Based on a story by celebrated crime author Dennis Lehane, The Drop (20th Century Fox) takes place in the Brooklyn underworld where ‘money drops’ are used to funnel cash to local gangsters.
When a robbery at the bar of his employer and cousin Marv (James Gandolfini, The Sopranos) goes awry, bartender Bob Saginowski (Tom Hardy, Warrior) finds himself embroiled in an investigation that digs deep into the neighbourhood’s murky past. Meanwhile, Bob’s life is complicated further his tentative relationship with Nadia (Noomi Rapace, Prometheus), with the pair bonding over an abandoned pitbull puppy they found left in a trash can.
Previously titled ‘Animal Rescue’, The Drop is a gritty, menacing crime drama that makes effective use of Tom Hardy’s brooding charisma. Far less showy than Hardy’s roles in the likes of Bronson and The Dark Knight Rises, the unassuming Saginowski plays his cards close to his chest, and doesn’t reveal his true colours until late in the game.
It may not be as satisfying as previous Lehane adaptations such as Mystic River and Gone Baby Gone, but The Drop is an engaging thriller, boosted by strong performances from its two leads, as well as Belgian actor Matthias Schoenaerts (Bullhead, Rust & Bone). Unfortunately, due to its timing, The Drop is likely to be best remembered for supplying James Gandolfini’s last screen role – even if his aging hard-man character pales in comparison with his boozy, jaded hitman from Killing Them Softly. The Drop will be must-watch viewing for Lehane fans, but its measured pace may prove too low-key for thriller junkies.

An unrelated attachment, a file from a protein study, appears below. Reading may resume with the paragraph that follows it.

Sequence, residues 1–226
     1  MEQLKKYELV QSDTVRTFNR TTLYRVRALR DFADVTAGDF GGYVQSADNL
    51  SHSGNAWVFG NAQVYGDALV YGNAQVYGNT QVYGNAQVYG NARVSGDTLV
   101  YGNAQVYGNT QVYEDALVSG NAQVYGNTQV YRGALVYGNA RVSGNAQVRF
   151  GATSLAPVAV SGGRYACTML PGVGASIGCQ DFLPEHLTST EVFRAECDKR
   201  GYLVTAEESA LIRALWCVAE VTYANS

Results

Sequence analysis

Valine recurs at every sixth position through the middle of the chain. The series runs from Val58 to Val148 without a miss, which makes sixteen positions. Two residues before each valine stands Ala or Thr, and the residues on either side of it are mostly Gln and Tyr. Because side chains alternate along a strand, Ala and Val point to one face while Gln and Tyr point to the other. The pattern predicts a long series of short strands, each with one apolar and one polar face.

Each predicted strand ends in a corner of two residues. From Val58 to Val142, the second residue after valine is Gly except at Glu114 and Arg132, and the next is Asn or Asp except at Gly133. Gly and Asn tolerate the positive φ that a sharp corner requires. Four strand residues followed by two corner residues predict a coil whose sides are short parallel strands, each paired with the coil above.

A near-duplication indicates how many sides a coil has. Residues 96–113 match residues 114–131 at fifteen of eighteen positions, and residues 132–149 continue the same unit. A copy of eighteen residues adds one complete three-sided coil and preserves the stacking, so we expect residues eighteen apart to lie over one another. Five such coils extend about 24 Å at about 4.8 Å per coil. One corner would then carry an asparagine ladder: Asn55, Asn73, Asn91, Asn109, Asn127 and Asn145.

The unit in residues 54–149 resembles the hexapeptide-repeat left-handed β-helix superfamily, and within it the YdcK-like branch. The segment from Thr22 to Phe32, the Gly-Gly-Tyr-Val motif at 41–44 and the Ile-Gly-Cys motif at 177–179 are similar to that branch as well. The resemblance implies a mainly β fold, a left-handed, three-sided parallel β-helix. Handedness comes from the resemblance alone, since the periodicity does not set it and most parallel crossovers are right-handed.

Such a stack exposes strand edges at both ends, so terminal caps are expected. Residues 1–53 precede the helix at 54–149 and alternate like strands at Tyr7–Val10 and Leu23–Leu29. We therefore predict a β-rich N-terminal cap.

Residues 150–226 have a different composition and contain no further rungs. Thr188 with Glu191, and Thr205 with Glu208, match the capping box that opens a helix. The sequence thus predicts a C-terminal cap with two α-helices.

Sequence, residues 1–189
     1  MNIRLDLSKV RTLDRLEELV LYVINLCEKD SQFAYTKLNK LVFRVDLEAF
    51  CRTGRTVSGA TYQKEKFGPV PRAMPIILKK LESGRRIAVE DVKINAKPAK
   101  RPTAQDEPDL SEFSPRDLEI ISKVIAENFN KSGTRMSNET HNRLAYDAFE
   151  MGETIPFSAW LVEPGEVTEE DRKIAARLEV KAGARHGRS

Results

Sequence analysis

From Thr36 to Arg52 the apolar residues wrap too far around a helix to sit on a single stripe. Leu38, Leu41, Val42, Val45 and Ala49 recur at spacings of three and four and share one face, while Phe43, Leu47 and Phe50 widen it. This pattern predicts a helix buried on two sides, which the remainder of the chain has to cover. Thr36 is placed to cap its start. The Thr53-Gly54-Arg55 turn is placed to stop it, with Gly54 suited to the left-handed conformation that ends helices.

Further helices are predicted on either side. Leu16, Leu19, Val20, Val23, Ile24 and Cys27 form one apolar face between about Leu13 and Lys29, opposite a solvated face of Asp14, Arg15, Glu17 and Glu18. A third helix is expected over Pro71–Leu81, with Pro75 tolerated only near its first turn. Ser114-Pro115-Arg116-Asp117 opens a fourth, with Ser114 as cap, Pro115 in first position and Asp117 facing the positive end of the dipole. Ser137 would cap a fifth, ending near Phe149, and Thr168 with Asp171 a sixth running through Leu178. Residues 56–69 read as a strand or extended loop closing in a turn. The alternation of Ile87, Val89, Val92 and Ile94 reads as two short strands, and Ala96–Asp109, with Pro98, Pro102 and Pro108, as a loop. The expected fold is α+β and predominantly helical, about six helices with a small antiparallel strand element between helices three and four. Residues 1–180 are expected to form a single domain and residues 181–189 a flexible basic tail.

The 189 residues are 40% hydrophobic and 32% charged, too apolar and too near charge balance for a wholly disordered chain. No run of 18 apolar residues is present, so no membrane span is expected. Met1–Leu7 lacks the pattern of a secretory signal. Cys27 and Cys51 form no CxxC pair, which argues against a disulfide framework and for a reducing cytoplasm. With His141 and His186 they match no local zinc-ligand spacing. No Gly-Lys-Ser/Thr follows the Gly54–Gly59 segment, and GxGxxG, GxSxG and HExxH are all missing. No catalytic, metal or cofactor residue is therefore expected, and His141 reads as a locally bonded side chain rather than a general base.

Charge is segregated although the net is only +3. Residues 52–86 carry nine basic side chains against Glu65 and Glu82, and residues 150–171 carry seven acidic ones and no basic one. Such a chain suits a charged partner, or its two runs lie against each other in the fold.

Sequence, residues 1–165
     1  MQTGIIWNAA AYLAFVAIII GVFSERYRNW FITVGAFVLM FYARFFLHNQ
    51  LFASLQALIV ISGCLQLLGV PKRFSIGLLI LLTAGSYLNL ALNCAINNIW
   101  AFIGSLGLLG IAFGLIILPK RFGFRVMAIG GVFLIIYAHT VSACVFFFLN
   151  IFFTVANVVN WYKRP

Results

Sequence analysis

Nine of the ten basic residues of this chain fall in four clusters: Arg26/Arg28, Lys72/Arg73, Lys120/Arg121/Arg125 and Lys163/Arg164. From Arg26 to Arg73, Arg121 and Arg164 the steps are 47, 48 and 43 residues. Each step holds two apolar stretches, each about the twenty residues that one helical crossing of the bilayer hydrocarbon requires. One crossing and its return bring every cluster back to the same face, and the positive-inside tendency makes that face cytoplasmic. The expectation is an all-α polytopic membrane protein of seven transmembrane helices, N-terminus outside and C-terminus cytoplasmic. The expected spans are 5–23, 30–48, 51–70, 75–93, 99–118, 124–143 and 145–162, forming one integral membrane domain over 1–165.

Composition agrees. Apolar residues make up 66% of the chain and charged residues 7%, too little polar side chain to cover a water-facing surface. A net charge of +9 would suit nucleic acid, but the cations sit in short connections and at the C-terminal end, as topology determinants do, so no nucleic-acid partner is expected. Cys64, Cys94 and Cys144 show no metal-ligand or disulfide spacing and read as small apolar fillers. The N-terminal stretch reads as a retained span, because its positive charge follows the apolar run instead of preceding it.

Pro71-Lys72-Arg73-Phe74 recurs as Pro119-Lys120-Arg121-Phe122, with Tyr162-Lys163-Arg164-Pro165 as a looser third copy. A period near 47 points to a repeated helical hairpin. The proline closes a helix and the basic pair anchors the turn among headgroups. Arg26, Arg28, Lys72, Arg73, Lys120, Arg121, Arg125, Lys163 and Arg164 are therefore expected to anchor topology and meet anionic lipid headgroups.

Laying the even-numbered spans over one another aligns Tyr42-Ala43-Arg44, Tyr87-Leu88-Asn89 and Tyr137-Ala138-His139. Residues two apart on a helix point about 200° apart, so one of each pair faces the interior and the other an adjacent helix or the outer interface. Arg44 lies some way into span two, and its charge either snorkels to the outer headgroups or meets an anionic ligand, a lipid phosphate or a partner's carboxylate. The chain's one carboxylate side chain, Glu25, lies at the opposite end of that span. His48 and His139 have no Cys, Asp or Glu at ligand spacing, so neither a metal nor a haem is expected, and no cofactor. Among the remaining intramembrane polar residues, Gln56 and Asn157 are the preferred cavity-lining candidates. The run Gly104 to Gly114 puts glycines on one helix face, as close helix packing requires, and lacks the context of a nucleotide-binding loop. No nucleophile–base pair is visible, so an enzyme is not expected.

In The Homesman (eOne) independent frontier woman Mary Bee Cuddy (Hilary Swank, Million Dollar Baby) volunteers for the dangerous task of leading three mentally unstable women across the harsh Nebraska territories to deliver them to a minister’s wife (Meryl Streep). On their perilous journey Mary Bee saves the life of on-the-run reprobate George Briggs (Tommy Lee Jones) – in exchange for his help. Together the unlikely pair are pushed to their limits as they face constant threats transporting their human cargo across the inhospitable landscape of the Old West.
The Homesman is hugely evocative and occasionally very disturbing, and the always-impressive Tommy Lee Jones deserves plenty of kudos for his director/co-writer/leading man multi-tasking. The narrative curve may be odd and unwieldy at times, and the tone wilfully uneven, but the end-product is dark and satisfying throughout. Buoyed with cameos from the likes of Jesse Plemons (Breaking Bad), Tim Blake Nelson (O Brother, Where Art Thous) and James Spader (The Blacklist) – whose Irish accent is one of the film’s few low points(!) – Jones has recruited an impressive roll-call of guests to flesh out his bleak vision. Rarely comfortable viewing, The Homesman is a hugely powerful film, with some genuinely shocking moments. Highly recommended.
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Loosely based on the Ray Robinson novel of the same name, Electricity (Soda) stars model Agyness Deyn as Lily O’Connor, a brash, charismatic Northerner who lives on the coast and ekes out a living working in an amusement arcade. Although epileptic Lily is at pains to keep her painful past at arm’s length, the death of her estranged mother forces her confront all of the unpleasantness that she left behind. When her manipulative older brother Barry (Paul Anderson, Peaky Blinders) informs her that her younger brother Mikey (Christian Cooke, Witches of East End) – the only one who looked after her when they were kids – disappeared to London years ago, she resolves to try and track him down.
Although Electricity’s plot is fairly flimsy, the film’s raw charge comes from Lily’s epilepsy, with her increasingly dangerous fits causing her to see vivid visual distortions and experience terrifying visions. Considering her comparative lack of acting experience – bit-part roles in Clash of the Titans (2010) and Pusher (2012) are the highlights of her CV to date – Deyn delivers a memorably stark lead performance. While the lumpen script doesn’t quite do justice to her undoubted commitment to the role, Electricity is a cut above most Brit-grit filler.